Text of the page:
We should be intensely engaged in the struggle for the soul of our society—knowing we can expect no ultimate victory from politics, but also that we are by no means destined to defeat, and that by persisting in the struggle we make room for another generation to rise and thrive and seek to embody the good.
Many years ago, Venerable Fulton Sheen remarked that we have tried every means to change the world but one: holiness. Government cannot save us; only God can save us. And God works through grace and the transformation of world—one soul at a time. It is easier to put on slippers than to carpet the whole of the earth. So, it is time to cover our feet with the Gospel of Truth.
Holiness cannot remain an abstraction. It is time for traditional Catholic men and women to get married and stay married, to have larger families and raise them in the fear of the Lord. It is time to stop being greedy and selling our soul for the trinkets of the world, so that we can’t “afford” children. It’s time to pray and fast. It’s time for Eucharistic Adoration, and the Rosary, and the Chaplet of Divine Mercy. It’s time to stop fornicating, remaining silent about the sinfulness of homosexual acts, and making light of any form of sinful rebellion. It’s time to dress modestly and live differently, visibly, in a world that has become increasingly coarse, immodest, and cynical. It’s time to heroically care for the poor and not just think the government should do what we ought to do. And we must bring the poor to the gospel, not just attend to their physical needs as yet another social service agency. It’s time for clergy and parents to be more courageous and clear.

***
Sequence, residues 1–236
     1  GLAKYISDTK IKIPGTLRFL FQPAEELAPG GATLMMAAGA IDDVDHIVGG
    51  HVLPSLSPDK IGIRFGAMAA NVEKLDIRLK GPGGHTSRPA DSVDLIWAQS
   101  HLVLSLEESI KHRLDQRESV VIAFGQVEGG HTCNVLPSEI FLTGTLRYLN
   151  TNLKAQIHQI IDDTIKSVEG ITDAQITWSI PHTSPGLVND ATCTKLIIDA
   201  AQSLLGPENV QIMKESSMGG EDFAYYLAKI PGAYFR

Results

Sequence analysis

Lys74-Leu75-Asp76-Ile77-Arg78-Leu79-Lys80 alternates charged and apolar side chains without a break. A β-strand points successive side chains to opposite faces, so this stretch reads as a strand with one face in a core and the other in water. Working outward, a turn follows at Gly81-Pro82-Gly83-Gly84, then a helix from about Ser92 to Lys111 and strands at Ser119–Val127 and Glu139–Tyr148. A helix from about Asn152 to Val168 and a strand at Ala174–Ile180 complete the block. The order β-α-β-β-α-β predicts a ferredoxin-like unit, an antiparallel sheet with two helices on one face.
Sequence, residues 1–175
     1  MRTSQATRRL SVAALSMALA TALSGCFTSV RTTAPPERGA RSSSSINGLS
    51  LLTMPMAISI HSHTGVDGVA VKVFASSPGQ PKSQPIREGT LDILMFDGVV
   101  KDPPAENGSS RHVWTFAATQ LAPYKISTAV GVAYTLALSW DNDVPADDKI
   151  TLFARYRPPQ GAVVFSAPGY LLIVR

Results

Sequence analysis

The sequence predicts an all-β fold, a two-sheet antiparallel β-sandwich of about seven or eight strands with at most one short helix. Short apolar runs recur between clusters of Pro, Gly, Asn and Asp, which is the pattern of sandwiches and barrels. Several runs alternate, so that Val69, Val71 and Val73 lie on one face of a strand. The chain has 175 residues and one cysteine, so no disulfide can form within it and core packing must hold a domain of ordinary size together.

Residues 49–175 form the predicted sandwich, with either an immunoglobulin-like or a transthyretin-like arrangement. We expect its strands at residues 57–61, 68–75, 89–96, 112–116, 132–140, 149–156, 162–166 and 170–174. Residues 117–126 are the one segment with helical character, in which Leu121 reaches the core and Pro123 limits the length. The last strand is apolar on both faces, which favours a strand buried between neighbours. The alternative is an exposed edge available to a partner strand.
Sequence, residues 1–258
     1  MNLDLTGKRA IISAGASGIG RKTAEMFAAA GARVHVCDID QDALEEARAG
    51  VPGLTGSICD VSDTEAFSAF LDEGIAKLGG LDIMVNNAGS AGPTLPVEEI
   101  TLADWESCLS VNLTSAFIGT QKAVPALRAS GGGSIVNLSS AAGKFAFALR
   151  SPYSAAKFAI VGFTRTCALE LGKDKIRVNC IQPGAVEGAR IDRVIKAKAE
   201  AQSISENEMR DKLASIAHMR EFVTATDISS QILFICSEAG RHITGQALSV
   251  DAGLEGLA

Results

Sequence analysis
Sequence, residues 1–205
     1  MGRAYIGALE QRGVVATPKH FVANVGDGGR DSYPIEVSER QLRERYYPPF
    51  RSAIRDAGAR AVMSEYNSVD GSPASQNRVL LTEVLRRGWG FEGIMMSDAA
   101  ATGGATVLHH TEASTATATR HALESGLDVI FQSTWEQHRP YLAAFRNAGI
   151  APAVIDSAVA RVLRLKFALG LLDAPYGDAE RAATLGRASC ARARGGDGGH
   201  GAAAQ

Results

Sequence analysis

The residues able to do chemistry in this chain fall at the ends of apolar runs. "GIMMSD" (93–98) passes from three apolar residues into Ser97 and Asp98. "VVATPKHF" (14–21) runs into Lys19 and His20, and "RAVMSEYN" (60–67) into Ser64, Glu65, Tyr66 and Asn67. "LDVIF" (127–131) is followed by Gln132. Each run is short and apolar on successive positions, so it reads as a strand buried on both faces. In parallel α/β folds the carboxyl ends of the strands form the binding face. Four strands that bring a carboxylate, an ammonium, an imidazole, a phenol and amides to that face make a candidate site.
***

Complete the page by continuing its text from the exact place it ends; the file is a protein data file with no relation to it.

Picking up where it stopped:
It is time to live differently. Our only real hope is holiness; only then can we be real leaven that will raise our culture out of the mess in which we are currently mired.
Therefore gird up your minds, be sober, set your hope fully upon the grace that is coming to you at the revelation of Jesus Christ. As obedient children, do not be conformed to the passions of your former ignorance, but as he who called you is holy, be holy yourselves in all your conduct; … [Thus purifying your souls by your obedience to the truth for a sincere love of the brethren, love one another earnestly from the heart (1 Peter 1:13ff).
Here is a video that celebrates virtue: